Unfortunately, due to the Coronavirus outbreak, the Centre is currently closed and many of the events we had planned for the coming weeks and months have been postponed. Therefore this newsletter looks a bit different to how we had originally intended! This is a difficult time for all of us so we have been posting activities on our Facebook, Twitter and new Instagram channels. Please keep in touch with us and we really look forward to resuming activities at the Centre when it is safe to do so.

Meet our new Centre Manager
Our new Centre Manager Rachel Lambert-Jones joined us in January and what a three months it has been! Find out more about Rachel at our website.

Competitions at the Centre
Sadly the Regional Qualifiers and RDA National Championships have been cancelled. However, the Cavalier Centre will be hosting competitions for all our participants once it is safe to do so. Watch this space!

Volunteer Update
Congratulations to Sally Austin, one of our long standing volunteers, who has recently qualified to coach with us.  Sally has taken over our Thursday afternoon sessions and will also be starting some new sessions on Sunday afternoons. Many thanks to Sally and all our coaches for giving their time to the centre.

Ideas to keep busy
Take a look at our website for links to some Makaton videos. Makaton is a signing system used to accompany spoken language and is used by many of our participants. We’re also posting some key Makaton signs on our Facebook page.

Now would be a great time to complete the e-learning modules on the MyRDA website. There are modules on safeguarding, disability awareness, autism and equine knowledge.

People and Pony Focus
Perry RDA is nothing without our ponies and people, be it our participants, their parents and carers, our wonderful army of volunteers and our team of staff. In each edition we’ll get to know one person, how they are involved with Perry RDA and of course about their favourite pony! This time we meet Sam Rogers who rides with us every Saturday.

 What do you like about coming to the Cavalier Centre?
I like going to the Cavalier Centre because it is friendly and the lessons are good.

 What have you learned since starting riding?
I have learnt to trot and hold the reins properly.

 Who is your favourite horse and why?
My favourite horse is Theo as he is the horse I mostly ride and trust.

 What are your hopes for the future?
My hope is to be able to ride without help.

 Share Your Pony Pics
We’re all missing the Cavalier Centre horses and ponies so let’s share our favourite pictures of them and make each other smile! Please send your pictures to [email protected]. This is Becky’s favourite photo of Billy.

 Pony Update
All of our horses and ponies are currently enjoying a well-earned rest. Some have stayed at the centre, whilst some have gone to holiday homes. Here’s volunteer Isla checking on Stubbs and Billy who are holidaying in a field close to her house. Finn is also in the same field and, as you can see, is enjoying the relaxation.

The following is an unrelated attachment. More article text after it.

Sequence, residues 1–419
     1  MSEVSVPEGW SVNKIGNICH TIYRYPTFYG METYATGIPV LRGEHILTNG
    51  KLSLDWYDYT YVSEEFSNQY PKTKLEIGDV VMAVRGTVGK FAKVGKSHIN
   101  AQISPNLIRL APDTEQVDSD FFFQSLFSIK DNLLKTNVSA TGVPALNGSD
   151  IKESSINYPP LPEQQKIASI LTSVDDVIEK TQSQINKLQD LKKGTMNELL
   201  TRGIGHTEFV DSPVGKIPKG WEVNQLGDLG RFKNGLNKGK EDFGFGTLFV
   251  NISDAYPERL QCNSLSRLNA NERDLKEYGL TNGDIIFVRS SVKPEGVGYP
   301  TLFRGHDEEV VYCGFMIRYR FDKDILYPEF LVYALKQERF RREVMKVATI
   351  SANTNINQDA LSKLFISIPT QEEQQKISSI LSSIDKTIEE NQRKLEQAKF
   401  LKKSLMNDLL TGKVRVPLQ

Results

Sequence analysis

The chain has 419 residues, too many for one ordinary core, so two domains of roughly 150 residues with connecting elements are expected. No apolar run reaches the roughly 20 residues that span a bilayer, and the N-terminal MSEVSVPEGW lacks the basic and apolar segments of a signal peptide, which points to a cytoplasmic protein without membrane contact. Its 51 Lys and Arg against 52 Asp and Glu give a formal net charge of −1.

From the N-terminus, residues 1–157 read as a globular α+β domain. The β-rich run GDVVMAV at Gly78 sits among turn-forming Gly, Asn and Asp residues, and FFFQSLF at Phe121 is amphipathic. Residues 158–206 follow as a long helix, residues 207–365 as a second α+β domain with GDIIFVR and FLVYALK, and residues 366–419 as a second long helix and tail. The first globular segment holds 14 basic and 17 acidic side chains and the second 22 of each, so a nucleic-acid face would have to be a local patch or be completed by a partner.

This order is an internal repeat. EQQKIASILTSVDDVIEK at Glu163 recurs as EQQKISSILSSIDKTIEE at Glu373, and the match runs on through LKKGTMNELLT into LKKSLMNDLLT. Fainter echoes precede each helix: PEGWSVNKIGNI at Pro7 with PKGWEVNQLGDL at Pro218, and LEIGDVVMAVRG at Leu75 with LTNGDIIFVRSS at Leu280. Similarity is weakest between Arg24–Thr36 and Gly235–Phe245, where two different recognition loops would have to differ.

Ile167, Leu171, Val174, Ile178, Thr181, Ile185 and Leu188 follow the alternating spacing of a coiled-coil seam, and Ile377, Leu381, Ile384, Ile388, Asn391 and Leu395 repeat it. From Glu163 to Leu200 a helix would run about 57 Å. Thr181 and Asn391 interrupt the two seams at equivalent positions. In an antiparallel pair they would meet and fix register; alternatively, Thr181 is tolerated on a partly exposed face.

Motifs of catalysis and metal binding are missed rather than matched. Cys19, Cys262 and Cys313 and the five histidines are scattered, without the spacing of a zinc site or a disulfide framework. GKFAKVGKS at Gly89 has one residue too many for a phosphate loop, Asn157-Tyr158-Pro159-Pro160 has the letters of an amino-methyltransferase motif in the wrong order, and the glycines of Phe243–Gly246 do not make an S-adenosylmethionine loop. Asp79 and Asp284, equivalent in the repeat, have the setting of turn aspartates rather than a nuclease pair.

Coaches Corner
Our Yard Manager Annabel has put together some exercises to keep you fit.

Side lunges – 10 on each side
10 squat jumps
Forward lunges – 10 on each side
10 crunches
Skipping – 40 skips and 20 seconds rest, repeat 4 times.

If you’ve got some exercise ideas, send them to us and we’ll share them with everyone.

 Participant Survey
Thank you to all participants and their parents and carers who completed our recent survey. Collecting your feedback is really important in helping us improve and grow. We also love the comments you leave us on our whiteboard.



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Top Tips for Signing

Many of our participants and their carers use signing to communicate with each other and others. You can use signs to help communicate with people who are deaf or people who have communication difficulties. Makaton is used to support spoken language. BSL (British Sign Language) is a full language used by the deaf. The signs used in Makaton are the same as those in BSL.


Even learning a few key signs can aid communication between volunteers, staff and participants.
Its great if you can learn all the signs you need but don’t worry if you can’t.

A few hints for when you’re communicating in sign
 Stand where the person you’re communicating with can easily see you. You don’t
necessarily have to be close. Signing can work well at a distance too
 If there is a light behind you it can be difficult to see what you are saying, so try moving to
one side
 Your hands need to be visible so think about what you are wearing. Black gloves against a
black coat make it much more difficult to see signs
 Try and stand where you can be seen without the rider having to turn to look at you. If they
have to turn to look it will affect their riding.
 Remember if they are holding their reins they will need to let go to sign back. There can be
a lot of stopping and starting in a session using sign. This might feel frustrating but it’s
important to communicate well.

For videos with lots of signs relating to many aspects of RDA life please visit: